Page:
Thy brother Marcus tenders on thy lips :
O, were the sum of these that I should pay
Countless and infinite, yet would I pay them !
Luc. Come hither, boy; come, come, and learn of us
To melt in showers; thy grandfire lov'd thee well ;
Many a time he danc'd thee on his knee;
Sung thee asleep, his loving breast thy pillow :
Many a matter hath he told to thee,
Meet and agreeing with thy infancy ;
In that respect then, like a loving child,
Shed yet some small drops from thy tender spring,
Because kind nature doth require it so;
Friends should associate friends, in grief and woe :
Bid him farewel, commit him to the grave ;
Do him that kindness, and take leave of him.
Boy. O grandfire, grandfire ! ev'n with all my heart,
'Would I were dead, so you did live again
O lord, I cannot speak to him for weeping
My tears will choak me, if I ope my mouth.
Enter Romans with Aaron.
Rom. You sad Andronici, have done with woes :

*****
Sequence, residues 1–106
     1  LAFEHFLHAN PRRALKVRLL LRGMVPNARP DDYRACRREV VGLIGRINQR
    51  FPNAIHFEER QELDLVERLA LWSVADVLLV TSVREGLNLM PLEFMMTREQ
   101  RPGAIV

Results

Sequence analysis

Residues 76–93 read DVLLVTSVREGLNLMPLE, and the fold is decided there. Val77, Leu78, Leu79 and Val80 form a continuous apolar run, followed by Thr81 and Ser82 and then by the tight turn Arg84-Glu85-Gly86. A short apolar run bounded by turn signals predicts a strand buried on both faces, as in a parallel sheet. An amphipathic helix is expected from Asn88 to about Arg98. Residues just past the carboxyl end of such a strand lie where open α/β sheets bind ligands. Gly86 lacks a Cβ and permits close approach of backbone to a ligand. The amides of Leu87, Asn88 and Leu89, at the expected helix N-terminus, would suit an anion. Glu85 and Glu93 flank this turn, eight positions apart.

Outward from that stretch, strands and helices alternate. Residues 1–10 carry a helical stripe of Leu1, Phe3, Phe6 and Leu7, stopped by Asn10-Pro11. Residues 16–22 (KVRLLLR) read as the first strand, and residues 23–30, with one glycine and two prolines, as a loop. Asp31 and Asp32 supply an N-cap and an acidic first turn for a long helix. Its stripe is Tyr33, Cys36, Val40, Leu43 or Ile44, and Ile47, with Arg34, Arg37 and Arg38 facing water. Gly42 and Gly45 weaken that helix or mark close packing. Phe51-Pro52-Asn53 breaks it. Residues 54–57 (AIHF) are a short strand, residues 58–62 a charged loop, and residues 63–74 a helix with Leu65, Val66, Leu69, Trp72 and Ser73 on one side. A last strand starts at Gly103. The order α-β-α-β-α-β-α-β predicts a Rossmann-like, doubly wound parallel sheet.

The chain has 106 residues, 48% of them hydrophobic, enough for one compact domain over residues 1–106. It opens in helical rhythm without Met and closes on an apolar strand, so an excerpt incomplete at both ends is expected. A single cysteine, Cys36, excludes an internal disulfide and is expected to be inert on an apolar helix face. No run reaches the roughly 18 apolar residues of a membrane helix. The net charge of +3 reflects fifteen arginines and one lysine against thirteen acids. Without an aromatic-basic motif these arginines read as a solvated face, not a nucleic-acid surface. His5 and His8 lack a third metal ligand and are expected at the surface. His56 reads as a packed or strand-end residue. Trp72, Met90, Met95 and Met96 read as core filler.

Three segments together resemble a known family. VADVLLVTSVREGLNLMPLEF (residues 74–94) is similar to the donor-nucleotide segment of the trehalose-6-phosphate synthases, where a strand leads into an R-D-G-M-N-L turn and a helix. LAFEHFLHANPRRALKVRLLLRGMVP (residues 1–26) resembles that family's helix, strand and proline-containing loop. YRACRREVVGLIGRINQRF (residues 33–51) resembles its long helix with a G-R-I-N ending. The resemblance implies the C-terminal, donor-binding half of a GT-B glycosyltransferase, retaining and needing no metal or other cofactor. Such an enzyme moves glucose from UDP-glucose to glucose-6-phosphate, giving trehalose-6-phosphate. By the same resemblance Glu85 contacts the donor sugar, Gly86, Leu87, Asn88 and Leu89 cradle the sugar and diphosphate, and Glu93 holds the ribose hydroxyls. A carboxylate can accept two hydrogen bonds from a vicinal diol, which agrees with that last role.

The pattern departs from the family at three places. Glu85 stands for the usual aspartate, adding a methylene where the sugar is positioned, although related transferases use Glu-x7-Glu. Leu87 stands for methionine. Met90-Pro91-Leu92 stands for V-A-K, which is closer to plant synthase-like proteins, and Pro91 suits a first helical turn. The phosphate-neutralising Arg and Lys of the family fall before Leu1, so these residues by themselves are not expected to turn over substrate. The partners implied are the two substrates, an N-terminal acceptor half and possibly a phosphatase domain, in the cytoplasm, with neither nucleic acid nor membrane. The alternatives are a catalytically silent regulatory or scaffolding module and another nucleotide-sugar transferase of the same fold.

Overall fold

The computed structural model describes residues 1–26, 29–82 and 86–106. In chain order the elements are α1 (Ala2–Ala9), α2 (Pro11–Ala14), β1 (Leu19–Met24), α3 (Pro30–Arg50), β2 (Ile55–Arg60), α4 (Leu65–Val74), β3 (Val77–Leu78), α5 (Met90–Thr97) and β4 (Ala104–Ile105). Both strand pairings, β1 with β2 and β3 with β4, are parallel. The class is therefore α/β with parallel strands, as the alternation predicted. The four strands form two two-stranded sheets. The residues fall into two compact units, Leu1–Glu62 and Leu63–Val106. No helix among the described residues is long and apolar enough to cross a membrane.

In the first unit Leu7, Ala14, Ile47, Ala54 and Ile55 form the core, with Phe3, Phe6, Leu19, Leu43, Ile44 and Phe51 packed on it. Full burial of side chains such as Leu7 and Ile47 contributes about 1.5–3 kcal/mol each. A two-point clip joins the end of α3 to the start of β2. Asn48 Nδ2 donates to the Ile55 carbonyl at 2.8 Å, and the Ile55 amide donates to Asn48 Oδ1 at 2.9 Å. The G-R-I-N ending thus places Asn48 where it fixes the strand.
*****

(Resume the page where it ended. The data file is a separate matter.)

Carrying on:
Give sentence on this execrable wretch,
That hath been breeder of these dire events,
Luc. Set him breaft-deep in earth, and famith him : There let him ftand, and rave and cry for food : If any one relieves or pities him, For the offence he dies: this is our doom. Some stay to see him faftned in the earth.
Aar. O, why should wrath be mute, and fury dumb!... I am no baby, I, that with bafe prayers I should repent the evil I have done : Ten thousand worse, than ever yet I did, Would I perform, if I might have my will : If one good deed in all my life I did, I do repent it from my very foul.
Luc. Some loving friends convey the Emp'ror hence, And give bim burial in his father's grave. My father and Lavinia shall førthwith Be closed in our Houshold's Monument : As for that heinous tygress Tamora, No funeral rites, nor man in mournful weeds, No mournful bell shall ring her burial; But throw her forth to beasts and birds of prey : Her life was beast-like, and devoid of pity; And, being so, shall have like want of pity. See justice done on Aaron that damn'd Moor, From whom our heavy haps had their beginning; Then, afterwards, we'll order well the State ; That like events may ne'er is ruinate. [Exeunt omnes.